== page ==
October 10, 2013
President Obama (Andrew Harrer/Bloomberg)
President Obama (Andrew Harrer/Bloomberg)

Washington loves the perennial debate about whether the current administration is any more or less secretive than previous ones. It’s a topic driven by the often warped perceptions of journalists and serves as the spine of a new report from the Committee to Protect Journalists (CPJ) by former Washington Post Executive Editor Leonard Downie Jr. with reporting by Sara Rafsky. Downie’s takeaway? “The administration’s war on leaks and other efforts to control information are the most aggressive I’ve seen since the Nixon administration,” writes Downie, who previewed the report’s themes via an earlier piece in The Post’s Outlook section.

Such judgments on a topic as squishy as transparency are, of course, subjective. As is the response from White House officials, who cite the president’s quite excellent record of sitting for interviews with all manner of national and local news outlets.

What’s fun about Downie’s CPJ report, though, is the input from folks who’ve clearly concluded they have little to lose from trashing the White House’s outreach record. On the record, too. Some highlights, verbatim from the report:

Ellen Weiss, Washington bureau chief for E.W. Scripps newspapers and stations, said “the Obama administration is far worse than the Bush administration” in trying to thwart accountability reporting about government agencies.

“In the past,” ABC News White House correspondent Ann Compton told me, “we would often be called into the Roosevelt Room at the beginning of meetings to hear the president’s opening remarks and see who’s in the meeting, and then we could talk to some of them outside on the driveway afterward. This president has wiped all that coverage off the map. He’s the least transparent of the seven presidents I’ve covered in terms of how he does his daily business.”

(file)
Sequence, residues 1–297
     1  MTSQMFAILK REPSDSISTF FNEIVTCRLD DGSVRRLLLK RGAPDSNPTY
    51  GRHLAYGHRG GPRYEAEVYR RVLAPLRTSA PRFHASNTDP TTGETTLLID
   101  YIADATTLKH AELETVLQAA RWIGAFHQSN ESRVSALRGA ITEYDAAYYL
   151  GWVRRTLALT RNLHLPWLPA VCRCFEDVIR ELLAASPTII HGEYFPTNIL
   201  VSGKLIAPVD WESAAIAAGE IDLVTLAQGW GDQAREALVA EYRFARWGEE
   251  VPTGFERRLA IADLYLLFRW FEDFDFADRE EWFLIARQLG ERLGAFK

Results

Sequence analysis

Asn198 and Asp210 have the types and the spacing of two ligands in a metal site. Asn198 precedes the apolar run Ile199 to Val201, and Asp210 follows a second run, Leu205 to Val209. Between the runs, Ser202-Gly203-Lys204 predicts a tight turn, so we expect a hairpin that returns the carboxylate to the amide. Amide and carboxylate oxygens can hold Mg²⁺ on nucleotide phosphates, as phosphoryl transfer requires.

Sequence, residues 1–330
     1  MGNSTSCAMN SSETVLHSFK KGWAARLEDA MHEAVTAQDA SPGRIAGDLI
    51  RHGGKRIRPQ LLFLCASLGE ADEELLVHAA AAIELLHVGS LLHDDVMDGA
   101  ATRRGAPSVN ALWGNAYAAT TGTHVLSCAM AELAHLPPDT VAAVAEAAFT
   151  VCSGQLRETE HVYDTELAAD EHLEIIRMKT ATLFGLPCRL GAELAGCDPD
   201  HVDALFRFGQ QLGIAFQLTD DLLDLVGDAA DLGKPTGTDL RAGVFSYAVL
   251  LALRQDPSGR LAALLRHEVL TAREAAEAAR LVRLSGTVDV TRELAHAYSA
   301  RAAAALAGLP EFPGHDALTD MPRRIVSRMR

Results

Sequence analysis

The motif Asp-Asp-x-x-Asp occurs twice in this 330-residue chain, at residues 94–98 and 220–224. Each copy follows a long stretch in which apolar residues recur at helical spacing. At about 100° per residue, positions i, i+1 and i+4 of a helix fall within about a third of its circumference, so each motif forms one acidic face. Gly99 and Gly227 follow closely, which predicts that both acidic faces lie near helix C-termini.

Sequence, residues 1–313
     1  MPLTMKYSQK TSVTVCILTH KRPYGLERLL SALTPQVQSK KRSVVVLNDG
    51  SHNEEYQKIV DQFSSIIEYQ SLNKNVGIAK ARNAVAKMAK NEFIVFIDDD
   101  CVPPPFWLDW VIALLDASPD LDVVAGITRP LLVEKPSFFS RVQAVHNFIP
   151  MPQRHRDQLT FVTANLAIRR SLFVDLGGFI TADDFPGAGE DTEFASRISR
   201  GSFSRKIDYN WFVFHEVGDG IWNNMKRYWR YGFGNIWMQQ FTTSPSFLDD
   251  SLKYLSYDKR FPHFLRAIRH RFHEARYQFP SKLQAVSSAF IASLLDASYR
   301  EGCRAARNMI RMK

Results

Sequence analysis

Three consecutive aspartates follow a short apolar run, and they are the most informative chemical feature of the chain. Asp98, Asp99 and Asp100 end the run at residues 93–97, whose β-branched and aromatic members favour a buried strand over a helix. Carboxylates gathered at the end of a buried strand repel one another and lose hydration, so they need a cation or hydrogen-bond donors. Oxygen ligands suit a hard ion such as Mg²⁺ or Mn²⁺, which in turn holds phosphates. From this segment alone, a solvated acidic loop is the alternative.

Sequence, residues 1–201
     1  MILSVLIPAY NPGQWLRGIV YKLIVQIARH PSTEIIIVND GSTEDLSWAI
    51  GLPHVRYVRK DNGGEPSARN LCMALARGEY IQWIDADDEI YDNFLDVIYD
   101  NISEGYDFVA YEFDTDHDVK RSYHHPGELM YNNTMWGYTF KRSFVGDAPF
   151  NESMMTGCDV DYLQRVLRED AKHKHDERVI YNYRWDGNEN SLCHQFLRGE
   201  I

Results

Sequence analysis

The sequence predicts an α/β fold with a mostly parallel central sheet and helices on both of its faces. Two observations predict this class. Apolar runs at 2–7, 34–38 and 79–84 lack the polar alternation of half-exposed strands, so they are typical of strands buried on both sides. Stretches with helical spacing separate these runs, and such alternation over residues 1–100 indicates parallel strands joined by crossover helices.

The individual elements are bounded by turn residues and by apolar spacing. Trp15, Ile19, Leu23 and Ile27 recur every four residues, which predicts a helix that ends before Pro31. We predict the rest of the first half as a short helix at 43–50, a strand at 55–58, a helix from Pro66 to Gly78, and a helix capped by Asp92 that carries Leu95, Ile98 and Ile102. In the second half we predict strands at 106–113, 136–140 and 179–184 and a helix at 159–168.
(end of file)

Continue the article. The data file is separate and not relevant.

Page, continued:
“When you call the White House press office to ask a question or seek information, they refer us to White House websites,” said Chris Schlemon, Washington producer for Britain’s Channel 4 television news network. “We have to use White House website content, White House videos of the president’s interviews with local television stations and White House photographs of the president.”

“The Obama people will spend an hour with you, off the record, arguing about the premise of the story,” said Josh Gerstein, who covers the White House and its information policies for Politico. “If the story is basically one that they don’t want to come out, they won’t even give you the basic facts.”

It’s hard to damage a relationship if you don’t have much of one to begin with.

Erik Wemple writes the Erik Wemple blog, where he reports and opines on media organizations of all sorts.